Apr 19, 2013, 8:26 AM EST
England’s players’ union revealed the six-man shortlist for its Player of the Year award today and one of the Premier League’s most talented performers is on it. So far so good, you might think.
Except, we’re referring to Liverpool’s Luis Suarez, scorer of 29 goals this term. Just imagine how poor an already-underwhelming Liverpool side might have looked without him.
Suarez received an eight-match ban for racially abusing Manchester United’s Patrice Evra last season. And anyone who watched the 2010 World Cup finals will remember that the Uruguay star also rates himself as a goalkeeper. So there is resistance in some quarters to the idea of honoring a man whose behavior in the past has been odious, to say the least.
But is it the job of the Professional Footballers Association’s award organizers to judge a player by his prior character? Or should they just stick to pure performance? The prize is called Player of the Year, after all, not Humanitarian of the Year.
“It is very difficult at times. Players are expected to be top role models and set the finest example. That goes with the trade these days,” PFA chief executive Gordon Taylor told the Press Association.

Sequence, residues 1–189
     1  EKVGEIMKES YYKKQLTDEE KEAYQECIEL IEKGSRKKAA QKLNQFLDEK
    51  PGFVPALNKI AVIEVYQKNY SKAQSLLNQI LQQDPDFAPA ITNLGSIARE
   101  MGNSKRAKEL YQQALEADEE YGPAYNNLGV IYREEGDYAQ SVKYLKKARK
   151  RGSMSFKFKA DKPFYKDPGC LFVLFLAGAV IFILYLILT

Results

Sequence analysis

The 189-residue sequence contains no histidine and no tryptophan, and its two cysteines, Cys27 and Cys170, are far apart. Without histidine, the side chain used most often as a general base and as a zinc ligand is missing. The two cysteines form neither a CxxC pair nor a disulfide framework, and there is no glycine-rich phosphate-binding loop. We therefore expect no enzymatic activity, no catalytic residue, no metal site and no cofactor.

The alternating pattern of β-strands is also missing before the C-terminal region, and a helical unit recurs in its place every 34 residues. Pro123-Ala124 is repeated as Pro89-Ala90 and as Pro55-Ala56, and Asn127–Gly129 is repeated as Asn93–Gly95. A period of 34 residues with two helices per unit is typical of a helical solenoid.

“I don’t underestimate the need for them to do all they can to be seen as a good example. But they are also human beings. It is not always possible to put old heads on relatively young shoulders. This is a footballing award and Suárez’s footballing ability shines through. It would be naive to think controversy won’t continue to travel with him. But I think his football has maintained his place.”
Here’s the shortlist: Gareth Bale (Tottenham), Michael Carrick (Manchester United), Eden Hazard (Chelsea), Juan Mata (Chelsea), Luis Suarez (Liverpool), Robin van Persie (Manchester United).
The winner will be announced on April 28. Bizarrely, voting takes place far before the season’s end. The award is decided by players, and it’s fair to say Suarez’s dubious personality might count against him, making Bale and Van Persie favorites. The latter recently had a two-month dry spell in front of goal, but many of the ballots would have been cast before that became too noticeable.
Other takeaways: no place for Swansea’s Michu, no goalkeepers, defenders or tough-tackling midfielders, and no representatives from last year’s Premier League champions, Manchester City.
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